1. In the Software Library node of the ConfigMgr console, expand Operating Systems, select Task Sequences

  1. Select the Nomad Windows 10 Ent task sequence and click on the References tab at the bottom of the console. The referenced objects below will be included in this pre-cache job

  1. Right-click on the Nomad Windows 10 Ent task sequence and select Pre-cache content using Nomad to launch the Nomad Pre-caching wizard
  2. On the Targeting page, select the Nomad OSD Pre-cache collection and click Next
  3. It is important to note that although we are using a collection as a target, the collection membership will be parsed for machines and the pre-cache job will be targeted to the machines themselves.

    On the References tab, note the two pre-cache options available. The default option, Pre-cache all references and automatically pre-cache references added in the future, supports the Dynamic Pre-caching feature added in Nomad 6.2. The second option, Pre-cache only the references I select below and ignore those added in the future, was the default behavior prior to Dynamic Pre-caching

  4. Select the second option and observe how each reference object may be individually selected, or you may choose the Select All option. Select the first (default) option again and click Next
  5. Click Apply on the Summary page
  6. Observe the message displayed on the Progress page and when the job completes, click Finish on the Completion page

Observe the Results of the Pre-cache Job Creation

Once the Pre-cache jobs are initiated from the ConfigMgr console, a number of actions take place on the ActiveEfficiency server. We will look at the results by running a few SQL queries against the ActiveEfficiency database. The queries and commands are all in the SkyTap Shared Drive shortcut on the desktop and browsing to 1E Nomad - Course Content\Nomad 7.0 Course Content\CommandLinesAndQueries.txt file. SDownload and copy the file to C:\Temp and use it from that location.


  1. On 1ETRNAP, open SQL Server Management Studio, select the ActiveEfficiency database and click New Query

  2. All of the queries used in this task are in the CommandLinesAndQueries.txt file via the SkyTap Shared Drive shortcut on the desktop and browsing to 1E Nomad - Course Content\Nomad 7.0 Course Content\.
  3. To display the Nomad Pre-cache jobs created in the ConfigMgr console:

  4. select * from ContentDistributionJobs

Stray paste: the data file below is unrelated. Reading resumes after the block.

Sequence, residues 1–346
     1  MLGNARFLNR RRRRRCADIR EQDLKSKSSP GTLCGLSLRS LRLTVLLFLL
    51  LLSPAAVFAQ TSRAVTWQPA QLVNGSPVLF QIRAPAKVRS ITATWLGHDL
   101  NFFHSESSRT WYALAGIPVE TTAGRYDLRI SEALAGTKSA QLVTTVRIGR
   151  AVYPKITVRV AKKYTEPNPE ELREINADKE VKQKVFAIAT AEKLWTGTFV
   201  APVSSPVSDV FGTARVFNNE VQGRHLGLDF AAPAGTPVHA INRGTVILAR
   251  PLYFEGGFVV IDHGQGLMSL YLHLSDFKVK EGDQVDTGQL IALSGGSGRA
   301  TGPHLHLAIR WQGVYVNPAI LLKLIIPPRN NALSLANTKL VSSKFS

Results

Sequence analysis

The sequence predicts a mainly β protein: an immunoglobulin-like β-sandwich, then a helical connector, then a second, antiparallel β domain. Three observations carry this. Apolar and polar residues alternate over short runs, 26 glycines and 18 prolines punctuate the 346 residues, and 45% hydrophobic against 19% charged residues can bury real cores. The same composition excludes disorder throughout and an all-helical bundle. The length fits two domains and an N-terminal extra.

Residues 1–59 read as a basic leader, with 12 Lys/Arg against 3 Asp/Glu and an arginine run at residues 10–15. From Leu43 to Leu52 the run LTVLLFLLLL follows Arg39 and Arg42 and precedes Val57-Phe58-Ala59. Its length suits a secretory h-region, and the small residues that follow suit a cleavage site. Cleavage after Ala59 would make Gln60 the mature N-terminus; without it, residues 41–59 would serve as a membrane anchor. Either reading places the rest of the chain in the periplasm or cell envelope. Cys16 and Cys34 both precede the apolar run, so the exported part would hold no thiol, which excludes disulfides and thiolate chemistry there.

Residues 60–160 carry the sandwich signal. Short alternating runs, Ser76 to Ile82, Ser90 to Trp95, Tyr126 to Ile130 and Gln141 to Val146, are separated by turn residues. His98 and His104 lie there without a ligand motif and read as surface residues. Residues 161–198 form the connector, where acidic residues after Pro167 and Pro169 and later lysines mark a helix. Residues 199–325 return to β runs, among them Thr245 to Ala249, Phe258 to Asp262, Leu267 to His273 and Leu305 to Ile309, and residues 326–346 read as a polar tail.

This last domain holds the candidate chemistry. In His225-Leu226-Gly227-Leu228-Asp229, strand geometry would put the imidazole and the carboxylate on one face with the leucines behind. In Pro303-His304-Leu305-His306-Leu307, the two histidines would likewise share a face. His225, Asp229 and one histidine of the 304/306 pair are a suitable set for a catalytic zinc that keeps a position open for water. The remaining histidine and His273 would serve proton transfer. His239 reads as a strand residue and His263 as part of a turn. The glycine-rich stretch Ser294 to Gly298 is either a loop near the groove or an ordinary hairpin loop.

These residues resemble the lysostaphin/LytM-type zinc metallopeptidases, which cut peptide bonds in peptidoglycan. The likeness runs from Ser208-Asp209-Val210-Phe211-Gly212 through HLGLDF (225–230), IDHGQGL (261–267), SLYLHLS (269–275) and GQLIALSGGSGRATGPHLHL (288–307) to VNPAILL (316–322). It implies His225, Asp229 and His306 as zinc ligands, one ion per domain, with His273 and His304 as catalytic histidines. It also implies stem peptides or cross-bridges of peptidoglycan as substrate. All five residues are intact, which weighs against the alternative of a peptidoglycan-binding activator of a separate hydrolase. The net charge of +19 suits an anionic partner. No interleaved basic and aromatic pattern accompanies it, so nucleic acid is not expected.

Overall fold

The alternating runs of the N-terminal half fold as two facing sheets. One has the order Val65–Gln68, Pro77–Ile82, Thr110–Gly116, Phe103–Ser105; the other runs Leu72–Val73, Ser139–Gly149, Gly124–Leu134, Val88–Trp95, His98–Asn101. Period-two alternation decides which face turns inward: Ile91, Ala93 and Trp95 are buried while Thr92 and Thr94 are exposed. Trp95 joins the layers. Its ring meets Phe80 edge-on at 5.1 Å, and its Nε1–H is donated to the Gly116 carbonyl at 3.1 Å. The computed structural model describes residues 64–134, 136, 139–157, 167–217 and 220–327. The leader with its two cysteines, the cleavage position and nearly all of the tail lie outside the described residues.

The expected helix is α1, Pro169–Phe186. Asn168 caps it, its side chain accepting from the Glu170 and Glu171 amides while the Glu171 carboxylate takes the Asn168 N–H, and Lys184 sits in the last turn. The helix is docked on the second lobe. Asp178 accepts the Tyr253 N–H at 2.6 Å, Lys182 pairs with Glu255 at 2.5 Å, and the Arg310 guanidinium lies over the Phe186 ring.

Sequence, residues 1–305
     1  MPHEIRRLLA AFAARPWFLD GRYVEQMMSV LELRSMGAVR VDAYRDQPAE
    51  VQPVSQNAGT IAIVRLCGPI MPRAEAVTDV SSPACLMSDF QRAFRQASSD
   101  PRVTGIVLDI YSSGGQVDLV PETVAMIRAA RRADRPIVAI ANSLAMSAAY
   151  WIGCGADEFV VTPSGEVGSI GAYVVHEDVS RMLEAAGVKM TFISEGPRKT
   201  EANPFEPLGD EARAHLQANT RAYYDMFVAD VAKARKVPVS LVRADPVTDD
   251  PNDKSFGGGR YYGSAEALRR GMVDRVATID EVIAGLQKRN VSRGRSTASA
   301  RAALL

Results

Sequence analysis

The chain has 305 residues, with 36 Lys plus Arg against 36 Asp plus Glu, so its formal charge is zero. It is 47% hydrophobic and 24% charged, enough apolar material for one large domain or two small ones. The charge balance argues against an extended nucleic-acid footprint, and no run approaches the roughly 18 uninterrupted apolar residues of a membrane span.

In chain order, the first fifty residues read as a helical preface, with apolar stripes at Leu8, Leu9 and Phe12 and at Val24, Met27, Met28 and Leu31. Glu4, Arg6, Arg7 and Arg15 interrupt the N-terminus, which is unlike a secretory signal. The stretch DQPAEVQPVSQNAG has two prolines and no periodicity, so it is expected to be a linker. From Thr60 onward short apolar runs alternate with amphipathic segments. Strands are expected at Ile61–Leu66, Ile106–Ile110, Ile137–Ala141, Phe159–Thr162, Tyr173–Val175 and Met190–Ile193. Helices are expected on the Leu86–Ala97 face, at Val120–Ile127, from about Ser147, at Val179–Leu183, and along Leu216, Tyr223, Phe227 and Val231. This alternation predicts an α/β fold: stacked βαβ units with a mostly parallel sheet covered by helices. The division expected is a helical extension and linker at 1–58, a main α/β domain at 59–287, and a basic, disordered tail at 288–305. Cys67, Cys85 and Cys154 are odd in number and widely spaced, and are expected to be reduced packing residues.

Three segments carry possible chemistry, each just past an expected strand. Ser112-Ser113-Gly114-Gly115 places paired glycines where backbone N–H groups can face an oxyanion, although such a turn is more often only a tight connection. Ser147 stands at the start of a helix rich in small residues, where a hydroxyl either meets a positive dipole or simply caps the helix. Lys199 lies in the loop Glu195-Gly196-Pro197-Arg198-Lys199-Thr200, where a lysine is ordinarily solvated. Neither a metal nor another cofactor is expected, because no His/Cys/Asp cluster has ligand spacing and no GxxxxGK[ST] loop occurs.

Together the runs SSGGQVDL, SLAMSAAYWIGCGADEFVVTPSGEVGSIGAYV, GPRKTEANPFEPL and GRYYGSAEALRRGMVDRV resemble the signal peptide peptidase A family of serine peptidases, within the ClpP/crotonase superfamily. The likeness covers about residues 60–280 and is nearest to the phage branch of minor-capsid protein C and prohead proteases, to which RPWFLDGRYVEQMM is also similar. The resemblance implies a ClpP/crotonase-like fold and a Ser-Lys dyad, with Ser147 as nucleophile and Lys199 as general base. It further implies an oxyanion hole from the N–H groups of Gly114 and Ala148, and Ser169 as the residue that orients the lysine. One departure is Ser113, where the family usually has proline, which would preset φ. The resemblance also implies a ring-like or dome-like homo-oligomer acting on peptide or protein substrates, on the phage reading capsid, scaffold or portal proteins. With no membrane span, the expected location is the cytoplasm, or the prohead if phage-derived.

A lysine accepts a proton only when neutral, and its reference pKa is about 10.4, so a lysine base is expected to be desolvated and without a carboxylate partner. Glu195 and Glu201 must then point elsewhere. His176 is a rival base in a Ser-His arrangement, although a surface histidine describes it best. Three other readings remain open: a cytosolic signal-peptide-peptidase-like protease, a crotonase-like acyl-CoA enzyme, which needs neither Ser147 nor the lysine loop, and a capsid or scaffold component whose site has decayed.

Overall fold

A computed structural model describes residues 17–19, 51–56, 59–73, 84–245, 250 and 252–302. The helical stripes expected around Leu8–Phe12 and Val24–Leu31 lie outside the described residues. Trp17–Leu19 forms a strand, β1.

5. This is the pre-cache job we just created in the ConfigMgr console. You can see that the query result contains DeviceGroupID and a ContentGroupID column. DeviceGroups map to the collections in ConfigMgr that are used to provide a list of systems for which the pre-cache job will be targeted. ContentGroups refer to the items that will be pre-cached
  6. To see the DeviceGroups, execute the following query:

  7. select * from DeviceGroups

    Note the Name (Collection Name) and externalid (Collection ID) fields. It's possible that the Name and UserData columns may return as NULL. If that is the case, we just need to sync the ConfigMgr data into the ActiveEfficiency database. This will happen automatically every 30 minutes, but it can be forced to sync manually.
  8. Open a command prompt (Run as administrator), navigate to C:\Program Files (x86)\1E\ActiveEfficiency\Service and enter the following command
  9. ServiceHost.exe -NomadSyncAll
  10. Execute the previous query again. Note the Name is now populated with name of the collection
  11. To see the machine in the DeviceGroup, run:
  12. select * from DeviceGroupMembership
  13. While this information is good, DeviceIDs are not the easiest for us to read, so to make this more clear, run this query:
  14. select DGM.DeviceGroupId, DEV.HostName 
    from DeviceGroupMembership DGM
    join Devices DEV on DGM.DeviceId = DEV.Id
    Remember, we only added one machine, 1ETRNW101, to the collection when we created it.
  15. To get a better look at the content associated with the pre-cache job, run:
  16. Select * from ContentGroups
    Note the Name and ExternalId columns. These contain the Package/Application/Task Sequence, etc. Name and the Package/Application/Task Sequence, etc. ConfigMgr ID. Note the Id associated with the Nomad Windows 10 Ent task sequence and the number of results returned by this query.
  17. To see how the content is associated as being referenced items in the task sequence, execute:
  18. select * from ContentGroupReferences
    Note that Id associated with the task sequence is the ContentGroupId and there is a row for each referenced item. There will be one less row returned that the previous query because the task sequence is not counted as a reference.

Managing Pre-cache Jobs in ConfigMgr

The only role that ConfigMgr plays in the Nomad Pre-caching feature is to allow for the creation of Pre-cache jobs and to have collections that are used to populate a list of machines in ActiveEfficiency uses to target the Pre-cache jobs. To allow an administrator to easily view and delete Pre-cache jobs, the Nomad Pre-caching Jobs node was added to the Monitoring workspace of the ConfigMgr Console. In this task, we will observe the Pre-cache jobs created in earlier.